Black & Gold Gala 2015 — Professional Achievement Award
College of Sciences

COS-Rosengren
College of Sciences Dean Michael Johnson presented the college’s 2015 Professional Achievement Award to James Rosengren, ’81.
James Rosengren, ’81 | Founder/Chairman/CEO, Heritage Health Solutions Inc.

The UCF Alumni Association and College of Sciences presented their 2015 Professional Achievement Award to James Rosengren at the annual Black & Gold Gala on Oct. 22.

After earning his bachelor’s degree in biology from UCF, Jim went on to earn his master’s degree in healthcare administration at Baylor University in 1991. 

Before becoming the chairman and CEO of Heritage Health Solutions Inc., he was the vice president of political and government relations for Health Net Federal Services Inc. He also served in the U.S. Army, earning multiple medals, the Legion of Merit Award and Congressional Veteran Commendation.

Jim is a fellow at the American College of Healthcare Executives, and is a member of several veterans and military organizations.

Learn more about Jim:

From Boots to Loafers

Alumnus helps fellow veteran Knights transition from military service to the business industry

JohnPhillips1-web

John Phillips, ’82 | Director of Finance, System of the Future, The Coca-Cola Company

By Angie Lewis, ’03

Joining the military was never a question for John Phillips, ’82. It’s been in his family’s blood for more than two centuries, tracing his heritage back to William Harper, a Scotch Irishman, who traveled from Belfast to Charleston, S.C., on the ship Earl of Donegal in the mid-1700s, settling in Lancaster County.

More recently, his uncle David Phillips served in the U.S. Navy during World War II; his aunt Marion Phillips Scherer served as U.S. Navy nurse stationed at Walter Reed Hospital and in Panama, also during World War II; another uncle, Charles Phillips, served in the U.S. Air Force; and his father, Steve Phillips Jr., served as an officer in the U.S. Army Infantry for 30 years, fighting in World War II and the Vietnam War.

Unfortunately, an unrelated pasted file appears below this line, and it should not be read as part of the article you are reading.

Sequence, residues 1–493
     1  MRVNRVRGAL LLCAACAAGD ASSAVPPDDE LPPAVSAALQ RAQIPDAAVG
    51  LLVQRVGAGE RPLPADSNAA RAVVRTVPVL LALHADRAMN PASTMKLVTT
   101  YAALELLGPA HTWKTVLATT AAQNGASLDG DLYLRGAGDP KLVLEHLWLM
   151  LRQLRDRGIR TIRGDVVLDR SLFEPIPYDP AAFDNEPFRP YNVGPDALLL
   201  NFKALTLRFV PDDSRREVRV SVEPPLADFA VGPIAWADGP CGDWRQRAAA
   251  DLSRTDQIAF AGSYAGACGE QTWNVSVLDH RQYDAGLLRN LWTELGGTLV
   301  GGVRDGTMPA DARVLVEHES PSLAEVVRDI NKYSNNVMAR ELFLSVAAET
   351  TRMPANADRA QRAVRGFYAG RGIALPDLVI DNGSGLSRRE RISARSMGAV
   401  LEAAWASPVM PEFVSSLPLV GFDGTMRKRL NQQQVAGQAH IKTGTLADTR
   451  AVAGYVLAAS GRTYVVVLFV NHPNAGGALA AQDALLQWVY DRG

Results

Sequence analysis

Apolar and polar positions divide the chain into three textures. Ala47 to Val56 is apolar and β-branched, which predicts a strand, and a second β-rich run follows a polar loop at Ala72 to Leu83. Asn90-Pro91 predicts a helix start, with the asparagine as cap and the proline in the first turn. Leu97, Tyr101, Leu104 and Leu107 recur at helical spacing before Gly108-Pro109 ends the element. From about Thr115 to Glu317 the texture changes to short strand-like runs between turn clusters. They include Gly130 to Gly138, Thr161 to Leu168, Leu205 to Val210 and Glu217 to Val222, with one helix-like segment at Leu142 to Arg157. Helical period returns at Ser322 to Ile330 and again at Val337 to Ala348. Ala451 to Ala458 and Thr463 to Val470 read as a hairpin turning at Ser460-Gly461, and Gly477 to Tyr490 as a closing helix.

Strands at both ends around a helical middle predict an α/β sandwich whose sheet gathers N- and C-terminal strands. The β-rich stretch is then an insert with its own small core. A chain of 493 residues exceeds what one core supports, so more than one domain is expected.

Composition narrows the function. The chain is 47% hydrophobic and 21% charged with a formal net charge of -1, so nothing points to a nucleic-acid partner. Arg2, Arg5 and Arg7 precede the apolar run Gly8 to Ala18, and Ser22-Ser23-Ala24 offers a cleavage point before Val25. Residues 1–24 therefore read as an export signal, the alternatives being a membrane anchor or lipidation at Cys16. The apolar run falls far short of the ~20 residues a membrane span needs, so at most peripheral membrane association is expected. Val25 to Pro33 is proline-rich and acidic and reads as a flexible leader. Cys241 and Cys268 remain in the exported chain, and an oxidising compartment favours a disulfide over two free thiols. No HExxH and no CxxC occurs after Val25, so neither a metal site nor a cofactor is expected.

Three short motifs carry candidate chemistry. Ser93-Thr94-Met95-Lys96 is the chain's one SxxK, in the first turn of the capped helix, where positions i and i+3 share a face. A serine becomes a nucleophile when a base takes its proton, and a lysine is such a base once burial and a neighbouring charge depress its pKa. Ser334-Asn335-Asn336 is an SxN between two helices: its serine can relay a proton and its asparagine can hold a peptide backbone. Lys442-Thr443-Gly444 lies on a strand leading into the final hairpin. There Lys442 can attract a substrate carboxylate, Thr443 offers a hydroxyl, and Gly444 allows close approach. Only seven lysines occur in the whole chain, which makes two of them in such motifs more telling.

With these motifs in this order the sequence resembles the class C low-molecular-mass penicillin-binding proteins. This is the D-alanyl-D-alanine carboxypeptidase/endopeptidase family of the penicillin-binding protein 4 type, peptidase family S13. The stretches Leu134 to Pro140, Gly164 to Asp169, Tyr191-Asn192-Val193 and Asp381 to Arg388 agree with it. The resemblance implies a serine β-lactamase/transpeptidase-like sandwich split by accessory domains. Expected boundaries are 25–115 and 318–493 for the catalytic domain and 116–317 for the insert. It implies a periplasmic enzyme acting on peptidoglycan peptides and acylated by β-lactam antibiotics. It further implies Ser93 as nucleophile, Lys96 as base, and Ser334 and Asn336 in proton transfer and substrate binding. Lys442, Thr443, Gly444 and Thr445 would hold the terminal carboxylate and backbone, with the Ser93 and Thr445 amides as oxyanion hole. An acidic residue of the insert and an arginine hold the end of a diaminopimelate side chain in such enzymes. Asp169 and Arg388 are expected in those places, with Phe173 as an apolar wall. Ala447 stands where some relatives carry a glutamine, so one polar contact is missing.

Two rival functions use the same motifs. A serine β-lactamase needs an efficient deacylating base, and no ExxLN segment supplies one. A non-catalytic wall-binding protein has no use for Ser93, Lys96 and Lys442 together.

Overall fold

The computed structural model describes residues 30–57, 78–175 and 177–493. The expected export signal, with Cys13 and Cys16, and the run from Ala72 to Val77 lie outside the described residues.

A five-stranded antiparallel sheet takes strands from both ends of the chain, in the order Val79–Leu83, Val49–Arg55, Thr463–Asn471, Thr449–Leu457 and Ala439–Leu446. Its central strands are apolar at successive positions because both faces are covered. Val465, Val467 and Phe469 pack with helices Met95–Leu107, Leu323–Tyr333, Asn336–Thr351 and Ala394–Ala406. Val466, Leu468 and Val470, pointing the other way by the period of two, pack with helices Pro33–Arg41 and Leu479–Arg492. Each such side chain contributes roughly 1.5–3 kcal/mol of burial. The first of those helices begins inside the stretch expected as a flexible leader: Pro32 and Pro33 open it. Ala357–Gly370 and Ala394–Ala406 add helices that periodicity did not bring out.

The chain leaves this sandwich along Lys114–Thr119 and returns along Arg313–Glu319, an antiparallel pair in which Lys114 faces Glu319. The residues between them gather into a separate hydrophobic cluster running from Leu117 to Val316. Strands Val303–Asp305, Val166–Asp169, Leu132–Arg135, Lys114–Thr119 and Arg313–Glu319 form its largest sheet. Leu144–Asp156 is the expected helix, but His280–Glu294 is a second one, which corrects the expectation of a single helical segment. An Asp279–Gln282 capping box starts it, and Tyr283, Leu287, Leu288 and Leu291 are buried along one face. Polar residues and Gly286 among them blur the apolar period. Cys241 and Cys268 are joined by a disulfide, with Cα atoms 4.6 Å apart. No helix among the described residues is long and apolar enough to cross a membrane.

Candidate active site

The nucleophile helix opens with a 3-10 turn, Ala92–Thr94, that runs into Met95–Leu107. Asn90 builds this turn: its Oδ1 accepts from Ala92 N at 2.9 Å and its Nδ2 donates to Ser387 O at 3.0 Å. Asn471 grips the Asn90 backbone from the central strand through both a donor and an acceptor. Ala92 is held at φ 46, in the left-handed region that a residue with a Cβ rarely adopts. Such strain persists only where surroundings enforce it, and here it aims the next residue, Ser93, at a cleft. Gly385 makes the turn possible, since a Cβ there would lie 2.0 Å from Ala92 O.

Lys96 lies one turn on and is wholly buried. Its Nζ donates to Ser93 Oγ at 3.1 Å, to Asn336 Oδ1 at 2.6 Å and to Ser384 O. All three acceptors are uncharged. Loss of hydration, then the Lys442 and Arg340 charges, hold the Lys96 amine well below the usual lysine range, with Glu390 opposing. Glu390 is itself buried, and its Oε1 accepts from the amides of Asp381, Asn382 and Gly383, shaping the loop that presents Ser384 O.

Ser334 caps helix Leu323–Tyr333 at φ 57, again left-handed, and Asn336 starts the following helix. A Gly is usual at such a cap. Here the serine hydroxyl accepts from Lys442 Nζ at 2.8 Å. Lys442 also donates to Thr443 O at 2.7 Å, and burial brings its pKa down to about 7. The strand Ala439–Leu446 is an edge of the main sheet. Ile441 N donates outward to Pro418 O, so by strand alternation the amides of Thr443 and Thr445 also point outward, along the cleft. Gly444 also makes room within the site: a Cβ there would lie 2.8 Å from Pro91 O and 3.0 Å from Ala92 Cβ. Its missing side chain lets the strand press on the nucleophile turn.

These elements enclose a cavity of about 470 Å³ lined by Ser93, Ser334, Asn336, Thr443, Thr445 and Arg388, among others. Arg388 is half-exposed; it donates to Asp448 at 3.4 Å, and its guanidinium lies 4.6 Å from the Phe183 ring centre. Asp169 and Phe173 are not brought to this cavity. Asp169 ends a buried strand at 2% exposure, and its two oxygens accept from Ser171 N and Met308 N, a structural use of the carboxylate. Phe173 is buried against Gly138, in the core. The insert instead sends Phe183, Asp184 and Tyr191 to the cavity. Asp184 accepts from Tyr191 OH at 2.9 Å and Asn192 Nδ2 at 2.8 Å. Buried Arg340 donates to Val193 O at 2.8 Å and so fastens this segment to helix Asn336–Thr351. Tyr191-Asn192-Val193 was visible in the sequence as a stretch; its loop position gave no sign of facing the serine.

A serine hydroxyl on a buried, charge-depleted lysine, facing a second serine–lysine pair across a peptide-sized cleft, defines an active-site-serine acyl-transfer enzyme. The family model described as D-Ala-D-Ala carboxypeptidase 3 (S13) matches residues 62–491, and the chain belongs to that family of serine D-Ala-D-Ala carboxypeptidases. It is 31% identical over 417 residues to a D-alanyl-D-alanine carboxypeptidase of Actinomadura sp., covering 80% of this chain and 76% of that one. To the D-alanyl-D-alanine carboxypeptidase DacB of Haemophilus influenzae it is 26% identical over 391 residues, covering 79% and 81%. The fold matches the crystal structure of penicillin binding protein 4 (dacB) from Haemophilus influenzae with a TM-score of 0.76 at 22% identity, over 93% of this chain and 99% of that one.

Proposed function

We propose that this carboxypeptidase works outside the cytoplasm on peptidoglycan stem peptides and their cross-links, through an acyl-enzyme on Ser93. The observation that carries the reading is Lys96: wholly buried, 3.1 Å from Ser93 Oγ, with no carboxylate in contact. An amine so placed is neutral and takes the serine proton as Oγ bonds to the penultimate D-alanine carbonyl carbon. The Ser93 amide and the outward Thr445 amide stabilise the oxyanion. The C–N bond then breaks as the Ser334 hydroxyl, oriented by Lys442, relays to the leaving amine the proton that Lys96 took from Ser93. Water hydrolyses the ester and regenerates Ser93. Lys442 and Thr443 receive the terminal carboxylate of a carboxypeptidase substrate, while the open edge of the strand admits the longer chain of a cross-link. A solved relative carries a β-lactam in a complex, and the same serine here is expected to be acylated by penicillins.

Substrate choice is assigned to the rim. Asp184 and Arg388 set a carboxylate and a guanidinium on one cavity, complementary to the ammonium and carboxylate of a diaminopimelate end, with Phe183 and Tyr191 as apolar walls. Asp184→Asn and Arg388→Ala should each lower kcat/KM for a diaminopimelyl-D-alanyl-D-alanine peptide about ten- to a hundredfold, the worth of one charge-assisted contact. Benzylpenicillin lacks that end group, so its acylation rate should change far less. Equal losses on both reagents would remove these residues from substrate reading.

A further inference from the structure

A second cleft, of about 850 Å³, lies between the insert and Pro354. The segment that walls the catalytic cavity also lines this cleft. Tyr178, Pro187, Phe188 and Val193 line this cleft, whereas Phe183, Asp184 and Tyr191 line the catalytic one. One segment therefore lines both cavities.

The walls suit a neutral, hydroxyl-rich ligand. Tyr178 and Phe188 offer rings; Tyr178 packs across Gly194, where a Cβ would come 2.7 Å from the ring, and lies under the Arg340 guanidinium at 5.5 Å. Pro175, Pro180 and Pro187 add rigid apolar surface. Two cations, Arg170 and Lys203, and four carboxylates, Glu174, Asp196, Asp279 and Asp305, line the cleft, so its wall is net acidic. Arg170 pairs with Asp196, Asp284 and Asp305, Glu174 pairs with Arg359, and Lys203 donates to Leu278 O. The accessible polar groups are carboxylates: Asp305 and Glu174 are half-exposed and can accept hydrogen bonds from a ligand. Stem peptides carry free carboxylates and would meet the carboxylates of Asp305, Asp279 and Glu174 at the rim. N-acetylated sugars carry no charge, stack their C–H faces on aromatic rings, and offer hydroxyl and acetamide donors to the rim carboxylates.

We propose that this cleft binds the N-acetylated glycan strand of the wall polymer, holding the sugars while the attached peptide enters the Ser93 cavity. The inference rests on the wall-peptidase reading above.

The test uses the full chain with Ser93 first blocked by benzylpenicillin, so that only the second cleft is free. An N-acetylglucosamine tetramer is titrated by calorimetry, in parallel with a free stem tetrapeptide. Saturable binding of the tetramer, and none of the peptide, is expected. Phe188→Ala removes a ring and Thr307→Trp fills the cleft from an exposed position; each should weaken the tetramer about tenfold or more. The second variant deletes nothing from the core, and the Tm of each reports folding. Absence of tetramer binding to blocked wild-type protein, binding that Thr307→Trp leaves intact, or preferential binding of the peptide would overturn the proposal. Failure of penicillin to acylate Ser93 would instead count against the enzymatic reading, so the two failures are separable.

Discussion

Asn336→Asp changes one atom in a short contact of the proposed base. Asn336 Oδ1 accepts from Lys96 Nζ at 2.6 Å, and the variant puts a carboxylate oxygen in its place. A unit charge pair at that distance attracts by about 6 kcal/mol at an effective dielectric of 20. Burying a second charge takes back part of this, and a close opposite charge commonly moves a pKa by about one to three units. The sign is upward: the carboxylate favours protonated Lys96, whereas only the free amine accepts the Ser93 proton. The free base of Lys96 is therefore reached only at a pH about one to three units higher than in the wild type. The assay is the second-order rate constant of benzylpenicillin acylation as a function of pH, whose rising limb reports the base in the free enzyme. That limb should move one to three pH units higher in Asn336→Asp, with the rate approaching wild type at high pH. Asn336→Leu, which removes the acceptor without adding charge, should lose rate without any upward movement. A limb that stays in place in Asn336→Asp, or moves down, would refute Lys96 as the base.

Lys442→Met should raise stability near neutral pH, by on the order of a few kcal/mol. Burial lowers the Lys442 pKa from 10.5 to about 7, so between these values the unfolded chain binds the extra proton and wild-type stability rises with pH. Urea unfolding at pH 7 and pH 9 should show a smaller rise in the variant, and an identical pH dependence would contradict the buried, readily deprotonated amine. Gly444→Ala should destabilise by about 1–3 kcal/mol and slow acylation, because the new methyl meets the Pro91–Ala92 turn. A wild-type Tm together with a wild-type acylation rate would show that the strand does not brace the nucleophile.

“The tradition lives on with the newest addition, my nephew Steve Phillips IV, who currently serves in the U.S. Naval Reserve (and is an Orange County Deputy Sheriff),” he says. “My family has established a proud history of service and love of liberty, which is now simply a part of our DNA.”

Phillips began his military journey after graduating from Oviedo High School. He was in the field artillery and spent a year in Oklahoma and two years in Augsburg, Germany. After receiving an honorable discharge two weeks after returning home, he started college at Valencia, with a concentration in business administration.

When he transferred to UCF, he joined the Army ROTC program — eventually becoming its corps commander — and was commissioned into the U.S. Army as a field artillery officer. During his career, he was stationed in Oklahoma, Germany, Colorado, Kentucky, Georgia and Saudi Arabia.

Through his experiences, he says he learned he can endure hostile weather and conditions and still come out just fine on the other end.

Retired from the Army, Phillips works as director of finance for the System of the Future at The Coca-Cola Company — an organization that has a long-standing relationship with the Armed Forces, dating back to World War II.